While Adderall abuse may be common, particularly among young people, that doesn’t mean it isn’t dangerous. Adderall stimulates the entire central nervous system along with flooding the brain with artificially high levels of the chemical dopamine. That dopamine is responsible for the high people experience with Adderall.
Potential Deadly Side Effects
When the CNS is stimulated by Adderall, it can cause serious cardiovascular problems. One of the deadliest potential effects of Adderall abuse is a heart attack. Strokes are also possible, and the risk of serious heart issues is higher when Adderall is combined with other substances such as alcohol.
When someone recreationally abuses Adderall, it can cause serious psychological symptoms such as hallucinations, paranoia, and suicidal thoughts or behaviors. The potential for an addiction to form is also a risk of Adderall abuse.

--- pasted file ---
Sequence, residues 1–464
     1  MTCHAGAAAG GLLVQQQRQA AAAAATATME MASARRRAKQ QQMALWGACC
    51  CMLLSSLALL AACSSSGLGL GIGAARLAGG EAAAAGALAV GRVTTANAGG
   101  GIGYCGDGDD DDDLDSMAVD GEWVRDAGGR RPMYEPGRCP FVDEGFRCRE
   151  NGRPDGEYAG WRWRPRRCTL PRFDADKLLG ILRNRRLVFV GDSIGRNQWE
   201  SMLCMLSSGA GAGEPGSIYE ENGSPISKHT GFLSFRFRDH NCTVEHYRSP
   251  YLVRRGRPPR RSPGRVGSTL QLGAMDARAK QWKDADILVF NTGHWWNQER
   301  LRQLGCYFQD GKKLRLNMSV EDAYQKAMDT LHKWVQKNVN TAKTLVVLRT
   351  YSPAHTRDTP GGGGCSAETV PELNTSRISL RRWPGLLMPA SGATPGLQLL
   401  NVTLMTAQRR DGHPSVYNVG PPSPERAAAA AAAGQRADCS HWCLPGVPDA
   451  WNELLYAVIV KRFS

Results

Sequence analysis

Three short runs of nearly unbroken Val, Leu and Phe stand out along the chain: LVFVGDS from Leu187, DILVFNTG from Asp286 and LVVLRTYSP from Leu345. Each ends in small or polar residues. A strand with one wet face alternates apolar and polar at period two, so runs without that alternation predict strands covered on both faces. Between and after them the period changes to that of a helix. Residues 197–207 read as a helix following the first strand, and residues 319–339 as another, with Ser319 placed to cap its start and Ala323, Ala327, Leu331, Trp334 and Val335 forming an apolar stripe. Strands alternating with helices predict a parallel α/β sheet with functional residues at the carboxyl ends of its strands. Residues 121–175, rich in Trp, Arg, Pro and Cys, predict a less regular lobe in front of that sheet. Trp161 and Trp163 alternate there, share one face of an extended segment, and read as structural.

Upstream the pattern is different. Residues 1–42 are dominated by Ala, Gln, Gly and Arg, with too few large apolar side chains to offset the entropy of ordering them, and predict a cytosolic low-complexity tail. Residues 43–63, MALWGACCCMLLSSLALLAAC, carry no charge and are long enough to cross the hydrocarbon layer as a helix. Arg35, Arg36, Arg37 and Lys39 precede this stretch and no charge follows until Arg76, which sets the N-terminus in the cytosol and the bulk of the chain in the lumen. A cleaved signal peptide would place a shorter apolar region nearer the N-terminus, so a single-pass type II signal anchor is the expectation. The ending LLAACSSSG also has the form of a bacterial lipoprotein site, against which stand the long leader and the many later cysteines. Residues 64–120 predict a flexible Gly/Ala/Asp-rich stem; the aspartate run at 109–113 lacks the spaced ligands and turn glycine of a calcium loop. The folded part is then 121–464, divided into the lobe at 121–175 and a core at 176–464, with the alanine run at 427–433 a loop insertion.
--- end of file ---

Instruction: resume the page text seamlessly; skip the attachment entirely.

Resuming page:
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When the brain is exposed to a substance like amphetamine repeatedly, it’s going to become used to the functionality of that drug. The brain and body adjust to the repeated use of Adderall, and eventually, see the presence of the drug as the new normal. The brain and body of the user can have a difficult time adjusting to functioning without Adderall once a dependence develops.
If someone is dependent and they suddenly stop using Adderall, their body is going to go into a type of shock as it tries to readjust and re-stabilize without the substance. The effects of this attempted re-stabilization are known as withdrawal. Drug withdrawal symptoms occur when someone’s brain and physical functions are struggling to keep up without the help of the Adderall.